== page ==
Car Repossessed? Meet with Bankruptcy Lawyers in Jackson, MS

It’s very important that a person who lives in Mississippi talk to a bankruptcy lawyer as soon as they start to have trouble paying their monthly bills. That gives one of the Bankruptcy Lawyers Jackson MS the best possible chance at preserving as much of their wealth and assets as he can. Sometimes having a car repossessed is the first concrete signal that something is very wrong with a person’s finances. If the car owner meets with a lawyer, the lawyer can get the car back by filing for bankruptcy within 10 days.

If the person’s annual income is less than the average income for their community, then they can file for a Chapter 7 bankruptcy. All property that isn’t protected will be sold. The funds from those sales will be given to the creditors. The bankruptcy trustee is in charge of holding the sale or auction. His job is to get as much money as possible for the creditors. It is not to help the debtor. That’s why it’s important for the debtor to have their own legal counsel. The lawyer will make sure that the trustee does not take more than what he is entitled to. Each state as a list of exempt properties, which cannot be sold.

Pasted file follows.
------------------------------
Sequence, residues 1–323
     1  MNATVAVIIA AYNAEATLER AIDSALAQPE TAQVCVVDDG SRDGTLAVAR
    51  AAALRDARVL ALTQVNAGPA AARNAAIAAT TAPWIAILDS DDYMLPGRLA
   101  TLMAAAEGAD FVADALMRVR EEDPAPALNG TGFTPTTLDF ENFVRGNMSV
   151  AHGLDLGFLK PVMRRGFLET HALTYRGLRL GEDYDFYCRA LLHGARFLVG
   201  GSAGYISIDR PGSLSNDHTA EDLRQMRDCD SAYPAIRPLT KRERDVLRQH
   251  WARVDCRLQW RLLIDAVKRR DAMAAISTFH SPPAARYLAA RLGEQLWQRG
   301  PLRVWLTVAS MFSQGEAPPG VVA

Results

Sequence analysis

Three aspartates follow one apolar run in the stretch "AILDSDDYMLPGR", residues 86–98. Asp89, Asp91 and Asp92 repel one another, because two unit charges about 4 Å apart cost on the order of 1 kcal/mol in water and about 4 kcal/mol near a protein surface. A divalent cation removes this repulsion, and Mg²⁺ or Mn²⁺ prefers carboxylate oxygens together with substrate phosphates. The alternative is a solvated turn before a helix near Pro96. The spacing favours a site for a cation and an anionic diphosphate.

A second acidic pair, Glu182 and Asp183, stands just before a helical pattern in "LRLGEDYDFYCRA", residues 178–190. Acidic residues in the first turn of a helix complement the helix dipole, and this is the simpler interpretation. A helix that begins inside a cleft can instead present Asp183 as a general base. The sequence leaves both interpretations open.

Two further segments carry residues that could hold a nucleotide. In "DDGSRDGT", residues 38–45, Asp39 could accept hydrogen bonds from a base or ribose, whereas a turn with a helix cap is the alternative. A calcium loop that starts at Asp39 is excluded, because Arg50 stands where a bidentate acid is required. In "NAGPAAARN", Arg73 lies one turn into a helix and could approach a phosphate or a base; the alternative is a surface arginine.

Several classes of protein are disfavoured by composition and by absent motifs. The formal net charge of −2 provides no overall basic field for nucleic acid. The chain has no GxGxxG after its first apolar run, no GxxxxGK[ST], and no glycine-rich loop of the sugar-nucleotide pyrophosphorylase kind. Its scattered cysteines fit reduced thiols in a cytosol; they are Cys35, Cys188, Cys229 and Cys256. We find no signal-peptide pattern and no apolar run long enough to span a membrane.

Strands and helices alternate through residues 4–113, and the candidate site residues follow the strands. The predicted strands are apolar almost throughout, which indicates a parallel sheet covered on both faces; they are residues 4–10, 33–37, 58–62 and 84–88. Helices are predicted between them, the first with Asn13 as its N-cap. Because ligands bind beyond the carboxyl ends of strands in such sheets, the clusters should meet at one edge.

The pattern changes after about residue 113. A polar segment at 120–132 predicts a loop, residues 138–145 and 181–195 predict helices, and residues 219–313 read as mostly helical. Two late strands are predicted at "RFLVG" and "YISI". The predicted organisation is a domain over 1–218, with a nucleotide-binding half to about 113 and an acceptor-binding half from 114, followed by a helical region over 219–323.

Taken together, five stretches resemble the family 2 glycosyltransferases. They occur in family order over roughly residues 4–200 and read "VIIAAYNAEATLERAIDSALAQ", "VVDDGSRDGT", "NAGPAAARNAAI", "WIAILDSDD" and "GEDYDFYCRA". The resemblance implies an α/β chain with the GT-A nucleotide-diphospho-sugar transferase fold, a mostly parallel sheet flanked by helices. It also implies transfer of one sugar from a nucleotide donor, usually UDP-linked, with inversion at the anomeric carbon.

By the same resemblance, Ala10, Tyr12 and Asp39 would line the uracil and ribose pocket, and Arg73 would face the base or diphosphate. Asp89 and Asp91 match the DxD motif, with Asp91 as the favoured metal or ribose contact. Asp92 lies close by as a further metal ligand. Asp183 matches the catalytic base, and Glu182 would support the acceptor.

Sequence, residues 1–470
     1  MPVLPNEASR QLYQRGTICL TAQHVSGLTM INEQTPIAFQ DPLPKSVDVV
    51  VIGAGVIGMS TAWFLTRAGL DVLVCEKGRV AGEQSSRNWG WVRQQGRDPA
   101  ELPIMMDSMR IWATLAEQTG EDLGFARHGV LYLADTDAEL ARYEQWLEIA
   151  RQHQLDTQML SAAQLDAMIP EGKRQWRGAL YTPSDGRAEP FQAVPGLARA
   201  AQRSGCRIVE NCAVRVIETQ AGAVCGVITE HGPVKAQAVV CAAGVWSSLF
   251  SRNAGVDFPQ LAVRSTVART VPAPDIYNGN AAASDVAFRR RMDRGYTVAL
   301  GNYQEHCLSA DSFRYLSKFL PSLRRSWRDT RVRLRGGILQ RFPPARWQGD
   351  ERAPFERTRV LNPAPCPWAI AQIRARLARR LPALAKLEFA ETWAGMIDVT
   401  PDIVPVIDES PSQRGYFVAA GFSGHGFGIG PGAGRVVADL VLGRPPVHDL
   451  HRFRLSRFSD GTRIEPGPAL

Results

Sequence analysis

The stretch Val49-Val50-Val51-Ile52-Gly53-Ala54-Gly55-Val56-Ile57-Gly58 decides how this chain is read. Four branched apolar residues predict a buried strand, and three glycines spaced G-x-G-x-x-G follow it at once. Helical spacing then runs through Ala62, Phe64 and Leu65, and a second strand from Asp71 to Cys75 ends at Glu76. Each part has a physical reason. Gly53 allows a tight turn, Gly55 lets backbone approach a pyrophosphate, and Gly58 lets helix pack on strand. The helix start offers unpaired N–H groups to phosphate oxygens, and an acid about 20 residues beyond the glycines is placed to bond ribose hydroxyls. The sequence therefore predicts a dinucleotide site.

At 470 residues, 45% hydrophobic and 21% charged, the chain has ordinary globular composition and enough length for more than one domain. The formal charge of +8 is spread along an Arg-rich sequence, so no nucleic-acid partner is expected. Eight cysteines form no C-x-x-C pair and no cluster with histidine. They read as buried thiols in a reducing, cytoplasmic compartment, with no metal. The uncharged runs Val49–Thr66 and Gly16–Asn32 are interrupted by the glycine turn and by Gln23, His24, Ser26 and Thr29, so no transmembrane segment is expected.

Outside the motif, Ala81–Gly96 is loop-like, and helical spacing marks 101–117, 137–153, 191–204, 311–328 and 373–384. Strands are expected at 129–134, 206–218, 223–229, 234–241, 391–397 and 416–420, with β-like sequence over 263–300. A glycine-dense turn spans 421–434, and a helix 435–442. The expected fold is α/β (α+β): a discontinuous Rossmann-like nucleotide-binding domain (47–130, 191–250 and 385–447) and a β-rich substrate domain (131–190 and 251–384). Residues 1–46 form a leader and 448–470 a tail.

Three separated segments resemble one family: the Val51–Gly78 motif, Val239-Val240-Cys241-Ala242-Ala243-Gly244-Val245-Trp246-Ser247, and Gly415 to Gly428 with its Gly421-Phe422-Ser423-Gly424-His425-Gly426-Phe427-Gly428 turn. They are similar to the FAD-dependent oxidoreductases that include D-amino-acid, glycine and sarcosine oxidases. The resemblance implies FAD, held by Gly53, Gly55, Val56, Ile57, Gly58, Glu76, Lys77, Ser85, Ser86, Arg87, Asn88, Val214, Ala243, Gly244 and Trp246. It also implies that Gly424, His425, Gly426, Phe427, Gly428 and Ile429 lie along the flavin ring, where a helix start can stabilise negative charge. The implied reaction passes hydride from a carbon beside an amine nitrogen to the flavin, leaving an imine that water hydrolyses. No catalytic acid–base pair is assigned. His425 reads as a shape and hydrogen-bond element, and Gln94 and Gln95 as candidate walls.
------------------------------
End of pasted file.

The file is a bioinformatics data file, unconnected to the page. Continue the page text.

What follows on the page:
If the person makes more than the average income, they will have to file for bankruptcy under Chapter 13. This is more of a repayment plan. The bankruptcy trustee looks at the debtor’s current expenses and income. They then draw up an expense plan that the debtor has to adhere to with respect to housing, food and clothing. This is really a bare bones lifestyle. But if the debtor is current with their mortgage and car payment, they are allowed to keep these. They are included in the debtors allowed monthly budget. Everything else goes to the creditors to pay off the bills. This process can last up to five years. The bankruptcy is not discharged until the final payment has been made.

Bankruptcy does not erase tax debt. If this is a problem, then the Bankruptcy Lawyers Jackson MS practice will have to do additional work with the IRS to get them to take a smaller payment or to accept a practical and affordable payment plan. It also does not eliminate student debt or child support.

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